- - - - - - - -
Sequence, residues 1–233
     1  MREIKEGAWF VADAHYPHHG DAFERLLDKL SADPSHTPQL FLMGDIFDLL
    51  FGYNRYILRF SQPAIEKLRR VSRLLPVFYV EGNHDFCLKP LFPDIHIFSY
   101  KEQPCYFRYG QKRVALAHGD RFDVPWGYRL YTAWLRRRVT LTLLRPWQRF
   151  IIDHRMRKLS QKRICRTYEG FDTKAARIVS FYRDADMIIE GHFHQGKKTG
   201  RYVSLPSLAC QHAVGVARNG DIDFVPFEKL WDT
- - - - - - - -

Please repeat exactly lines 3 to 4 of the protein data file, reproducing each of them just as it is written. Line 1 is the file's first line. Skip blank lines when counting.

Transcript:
    51  FGYNRYILRF SQPAIEKLRR VSRLLPVFYV EGNHDFCLKP LFPDIHIFSY
   101  KEQPCYFRYG QKRVALAHGD RFDVPWGYRL YTAWLRRRVT LTLLRPWQRF